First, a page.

Two New Episodes Ready to Go!

The wonderful Stef Aupers
The first in a series on Doubt

Welcome back to the Imperfect Buddha Podcast. It is hard to imagine anything less important than a podcast episode from a niche podcast like this one when the Ukraine is under attack from a ruthless tyrant and delusional megalomaniac. A situation that threatens the stability of Europe and challenges democracies worldwide to reconsider their relationship with Russia, China and the engage seriously with democratic decline globally and at home. Unfortunately, this attach changes everything and for all his faults, Putin is not stupid or as short-sighted as most democratic politicians in western countries (our short-termism continues to be one of our greatest weaknesses). If you can afford to do so, please send some financial help the the Ukraine. Here are two links that will help you do so.

How can I help Ukraine: This site features a ton of verified links and ways to help.

World Kitchens: These folks are currently providing hot meals to Ukranian refugees escaping the war. Please note Russian soldiers are currently shooting and bombing civilians, pushing them to the Polish border. The charity is awaiting them.

Now, you have done your part and helped out, back to the podcast episodes.

These episodes are about two fundamental challenges we are currently facing: conspiracies and fake news, and our epistemic limits and the role of doubt in keeping us sane and human. An ongoing theme throughout my work here concerns hyperreality and it does seem that Russia is a country living in a world apart, rooted in a collective hallucination fed by Putin, state media and amplification of emotions, ideas and belonging rooted in a reality that does not exist but is preferable to the one that does.

It could be argued that the wider context is that of a world in revolt. Assigning an excess of agency to figures like Putin, or Trump or Johnson, or identity politics or the extreme left or right is to miss the context of a world struggling with globalisation and the death of meaning, roles and certainties that marked our previous age. Sloterdijk‘s spheres has much to say about community, identity and meaning making and the reactions against globalisation. Putin seems to be incarnating not only the desire to be a great Tzar again but a reactionary move against a global order in which his significance and that of his failing country is forever in decline.

Anyway, to the podcasts.b You can play them from the embedded player to your right, or at the bottom of the screen if you are using a cell phone. Or, visit the New Books site by clicking here.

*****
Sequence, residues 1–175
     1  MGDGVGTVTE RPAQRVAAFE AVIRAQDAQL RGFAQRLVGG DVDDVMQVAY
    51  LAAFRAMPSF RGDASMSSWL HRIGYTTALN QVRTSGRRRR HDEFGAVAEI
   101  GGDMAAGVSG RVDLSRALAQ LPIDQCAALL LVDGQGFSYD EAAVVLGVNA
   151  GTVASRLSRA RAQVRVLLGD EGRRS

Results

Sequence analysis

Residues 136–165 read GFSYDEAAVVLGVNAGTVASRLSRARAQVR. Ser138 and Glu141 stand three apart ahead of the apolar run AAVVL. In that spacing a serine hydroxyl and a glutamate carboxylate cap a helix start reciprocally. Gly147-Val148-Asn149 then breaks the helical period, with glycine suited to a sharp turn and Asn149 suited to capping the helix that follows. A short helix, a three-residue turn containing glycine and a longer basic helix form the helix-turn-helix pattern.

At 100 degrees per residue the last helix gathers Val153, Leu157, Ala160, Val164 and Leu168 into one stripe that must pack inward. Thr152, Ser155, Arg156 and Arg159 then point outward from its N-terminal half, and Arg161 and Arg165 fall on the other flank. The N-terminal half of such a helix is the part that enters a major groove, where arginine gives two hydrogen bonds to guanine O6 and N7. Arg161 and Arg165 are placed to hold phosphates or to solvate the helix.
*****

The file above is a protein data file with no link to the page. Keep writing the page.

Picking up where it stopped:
86. IBP – Doubt Part 1 “I don’t Know.”

Doubt is an uncomfortable condition, but certainty is a ridiculous one.”  Voltaire

You know too much, yet understand too little. And it’s the same for me, and everyone you and I happen to know.

And, so it begins.

What follows are a series of posts and audio-casts that respond to this living human condition, bringing together practice materials from non-Buddhism, post-traditional approaches to Buddhism, and the work of Peter Sloterdjik. Each post represents a visit to the Great Feast and provides ideas for practice for those who simply cannot find a home in mainstream Buddhism, Mindfulness, Atheism, or some other form of spirituality.

This first part engages Socrates and the Buddha and tosses a practice salad of exciting ingredients for the hungry practitioner.

It can be read and re-read here if you still have appetite for more:

87. IBP – Stef Aupers on Conspirituality

Stef Aupers is professor of media culture in the Institute for Media Studies at the University of KU Leuven in the Netherlands. As a cultural sociologist, he studies the role of cultural meaning in the production, textual representation and consumption of media. Stef has published widely in international journals on the topics of religion, modern myth, conspiracy theories and the way these cultures are mediatized.

We discuss the fascinating phenomenon of conspirituality, which refers to the overlap between conspiracies and spirituality, something we have seen explode with Covid, and now the attack by Russia on the Ukraine.

In this conversation we dive into conspiracies, the spiritual turn, the sacralisation of the self, the New Age, Covid, and more. As always, these conversations bridge the gap between the intelligent practitioner and the academic expert and there is something for everybody in this rich conversation.

Website for Stef Auper here


  1. I love how Stef believes he has no beliefs.

    Conspiracy theory defined as:
    Who has the power?
    Where is this power situated?
    What are the implications of groups in power?
    would make sociologists conspiracy theorists (Stef seems to agree). The distinction Stef makes is that a conspiracy theory must involve intentional malevolence. That seems like a moral position – one person’s sociology (e.g. labelling people) is another person’s malevolence. Opposing this, some conspiracy theories seem grounded in the idea of narcissists abusing their power.

    I would draw a big distinction between conspiracy theories with evidence and those lacking evidence. For example, once Snowden shares the information about the NSA, the conspiration of the NSA can’t be, reasonably, denied.